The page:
We see an emerging consensus around how investment decisions may well be better connected to the imperative of transitioning our global energy systems to net zero carbon emissions by mid-century. Consideration of those factors isn’t just “nice to have” but increasingly fundamental, impacting financial performance and altering cash flows and also the valuations. Evaluating and quantifying the risks of global climate change, combined with better identification of the opportunities, results in improved financial decision-making, enhanced outcomes and more-resilient businesses

We must ask the correct questions, bring different constituencies into the discussion, and specially, set standards for action that don’t lose sight of the long-term goal.

For our organizations, the overarching questions are: How will we achieve the transition to a low-carbon economy, keep our national and global economies within planetary boundaries, and elevate global standards of living? How can we best support the complex scaffolding of data, policy and regulatory frameworks, incentives, and allocation of state and investor resources to attain this goal? We don’t have all the answers, but the trail forward is evident.

First, collaboration among traditionally siloed stakeholders is imperative to achieving a world low-carbon transition. Although our colleagues in academia and asset management work with an array of collaborators and clients, this dynamic must move from transactional to systematic to guide to the co-production of information, broadening perspectives to a spectrum of solutions.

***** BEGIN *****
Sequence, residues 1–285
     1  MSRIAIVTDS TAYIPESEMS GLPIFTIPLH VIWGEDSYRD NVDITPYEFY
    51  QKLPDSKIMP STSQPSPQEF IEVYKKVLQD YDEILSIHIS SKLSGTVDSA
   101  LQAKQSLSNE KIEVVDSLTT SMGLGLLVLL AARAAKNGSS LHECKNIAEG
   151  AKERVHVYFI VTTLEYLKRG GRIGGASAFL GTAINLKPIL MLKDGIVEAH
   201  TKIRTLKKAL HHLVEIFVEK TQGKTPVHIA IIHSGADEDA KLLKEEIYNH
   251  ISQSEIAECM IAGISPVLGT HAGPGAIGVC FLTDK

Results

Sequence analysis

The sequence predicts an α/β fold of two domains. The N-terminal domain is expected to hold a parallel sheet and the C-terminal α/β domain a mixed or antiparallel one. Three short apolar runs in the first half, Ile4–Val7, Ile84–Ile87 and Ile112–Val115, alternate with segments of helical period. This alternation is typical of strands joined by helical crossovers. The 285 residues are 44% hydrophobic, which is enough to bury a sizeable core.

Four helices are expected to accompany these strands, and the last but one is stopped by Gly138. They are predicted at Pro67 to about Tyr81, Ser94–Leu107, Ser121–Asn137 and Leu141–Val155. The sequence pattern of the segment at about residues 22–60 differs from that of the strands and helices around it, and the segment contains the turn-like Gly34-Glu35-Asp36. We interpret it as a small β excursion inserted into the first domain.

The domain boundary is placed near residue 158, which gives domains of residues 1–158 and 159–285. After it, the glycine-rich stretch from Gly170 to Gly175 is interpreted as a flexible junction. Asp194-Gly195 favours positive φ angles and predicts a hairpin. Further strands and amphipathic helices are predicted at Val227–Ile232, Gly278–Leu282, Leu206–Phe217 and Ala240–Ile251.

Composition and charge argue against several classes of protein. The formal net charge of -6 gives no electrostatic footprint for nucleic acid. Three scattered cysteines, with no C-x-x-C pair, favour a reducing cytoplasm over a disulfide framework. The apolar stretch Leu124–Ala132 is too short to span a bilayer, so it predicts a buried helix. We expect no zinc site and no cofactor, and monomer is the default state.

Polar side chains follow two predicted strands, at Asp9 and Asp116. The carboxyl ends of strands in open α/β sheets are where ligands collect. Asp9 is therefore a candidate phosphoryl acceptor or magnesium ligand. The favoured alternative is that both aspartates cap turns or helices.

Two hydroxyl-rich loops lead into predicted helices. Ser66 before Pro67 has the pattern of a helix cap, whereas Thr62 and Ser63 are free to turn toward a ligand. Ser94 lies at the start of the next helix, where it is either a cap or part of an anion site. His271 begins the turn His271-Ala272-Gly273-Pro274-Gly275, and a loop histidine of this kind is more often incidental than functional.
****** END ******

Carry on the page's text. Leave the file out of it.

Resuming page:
Second, the changes in behaviors needed to handle climate must occur across all communities and sectors. this needs granular interactions that acknowledge the nuanced nature of climate-change impacts so as to create tailored approaches to resiliency. In turn, these interactions can steer collaborative research toward inherently more applicable and scalable solutions.

Third, the world transformations that are needed across sectors and communities require the coordinated actions of business, individuals, policymakers, courts, and finance. Active investment managers, through interactions across sectors, industries, asset classes and regions, will play a central role in facilitating the required transformations. Their ability to reallocate investment capital can have a large impact on the transition to net-zero emissions, and also the financing of recent critical infrastructure for clean energy generation, storage and distribution.

Finding solutions to any global challenge to humanity could be a marathon, not a sprint. More precisely, it’s a collective marathon, go past governments and social, cultural and economic constituencies, sometimes in competition, but often together.

A sprint is exciting. But we’ll all must plan for the future—together—if we would like to win the race.